We see it all the time: a glowing 5-star comment on Yelp about our favorite neighborhood restaurant. At first glance, it looks authentic. However, what if the review actually were purchased by the restaurant? Would that change your perspective on the review or the restaurant?
Of course, paying for advertising is hardly new. Celebrities for years have endorsed products and restaurants. As a result, the Federal Trade Commission issued Endorsement Guides that require websites, bloggers and businesses to disclose endorsers, and require that the endorsements be truthful and not misleading.
For example, as of this writing, there were 1,771 reviews on Yelp (in English, German, French, Spanish and Japanese) of one of my favorite places to dine in New York City — the Carnegie Deli. Given the number of reviews, it is no surprise that there were ratings from 1 star to 5 stars.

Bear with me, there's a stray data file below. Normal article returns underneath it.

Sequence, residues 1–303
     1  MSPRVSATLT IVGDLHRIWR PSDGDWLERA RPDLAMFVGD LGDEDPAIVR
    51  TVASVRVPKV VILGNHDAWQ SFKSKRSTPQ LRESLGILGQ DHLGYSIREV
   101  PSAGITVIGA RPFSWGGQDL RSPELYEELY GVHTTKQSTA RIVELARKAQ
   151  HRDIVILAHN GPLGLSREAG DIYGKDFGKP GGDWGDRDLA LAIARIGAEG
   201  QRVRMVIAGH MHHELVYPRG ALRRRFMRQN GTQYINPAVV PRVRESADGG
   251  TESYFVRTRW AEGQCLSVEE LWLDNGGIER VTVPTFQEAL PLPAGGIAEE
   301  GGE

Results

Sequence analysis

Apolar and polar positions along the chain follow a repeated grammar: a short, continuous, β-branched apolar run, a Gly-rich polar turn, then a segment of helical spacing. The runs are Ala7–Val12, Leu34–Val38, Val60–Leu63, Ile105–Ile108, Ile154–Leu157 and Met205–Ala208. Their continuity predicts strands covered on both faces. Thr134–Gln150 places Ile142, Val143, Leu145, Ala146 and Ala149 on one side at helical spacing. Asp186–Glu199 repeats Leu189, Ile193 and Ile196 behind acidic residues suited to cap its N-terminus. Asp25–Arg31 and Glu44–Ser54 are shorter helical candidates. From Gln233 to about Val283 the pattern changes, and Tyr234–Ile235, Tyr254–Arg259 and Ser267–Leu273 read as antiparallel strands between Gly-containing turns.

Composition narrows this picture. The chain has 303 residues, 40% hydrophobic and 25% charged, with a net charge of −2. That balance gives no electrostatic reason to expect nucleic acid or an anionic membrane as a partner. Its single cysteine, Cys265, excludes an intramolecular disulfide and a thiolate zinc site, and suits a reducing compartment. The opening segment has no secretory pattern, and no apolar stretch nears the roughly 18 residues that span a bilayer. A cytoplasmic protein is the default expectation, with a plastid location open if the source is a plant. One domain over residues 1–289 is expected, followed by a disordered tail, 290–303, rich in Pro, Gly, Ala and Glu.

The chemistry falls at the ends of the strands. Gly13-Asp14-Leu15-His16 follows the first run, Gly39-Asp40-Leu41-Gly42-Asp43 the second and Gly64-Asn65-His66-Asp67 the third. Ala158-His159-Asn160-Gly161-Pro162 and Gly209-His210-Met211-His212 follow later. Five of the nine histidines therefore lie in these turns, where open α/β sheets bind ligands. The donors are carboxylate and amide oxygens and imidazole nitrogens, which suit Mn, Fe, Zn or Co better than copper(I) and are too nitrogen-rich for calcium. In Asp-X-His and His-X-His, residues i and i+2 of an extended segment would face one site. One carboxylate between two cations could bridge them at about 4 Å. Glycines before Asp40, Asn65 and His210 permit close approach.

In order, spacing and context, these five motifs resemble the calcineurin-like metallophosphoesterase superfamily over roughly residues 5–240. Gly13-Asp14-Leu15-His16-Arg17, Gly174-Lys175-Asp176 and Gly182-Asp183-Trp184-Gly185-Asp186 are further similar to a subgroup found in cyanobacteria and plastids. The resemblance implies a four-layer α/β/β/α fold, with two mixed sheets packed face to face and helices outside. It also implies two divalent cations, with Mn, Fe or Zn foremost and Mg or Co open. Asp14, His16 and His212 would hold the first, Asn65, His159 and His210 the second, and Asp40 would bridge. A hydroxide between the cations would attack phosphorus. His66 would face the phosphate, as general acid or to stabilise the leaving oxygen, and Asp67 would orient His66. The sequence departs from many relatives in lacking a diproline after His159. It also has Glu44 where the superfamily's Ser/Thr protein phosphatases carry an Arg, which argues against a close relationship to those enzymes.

Here is a 1 star review:”After hearing so many good things about this place it was a total let down and by far the worst meal we had during our visit in NYC… . We will never be back and discourage everyone who asks us for recommendations to avoid this place.This 5 star comment about the Carnegie Deli is much better:I got the classic pastrami sammie with their coleslaw: flavorful, juicy and moist — A must-go if you’re in NY and if you’re a New Yorker like me and have never been, shame on me and you! I’ve been, finally — what’s your excuse?!What if the bad review were purchased by a competitor and the good review by the Carnegie Deli? Should these reviews be permitted as a form of advertising or just plain old free speech under the First Amendment of the Constitution?
Yelp Sues Astroturfers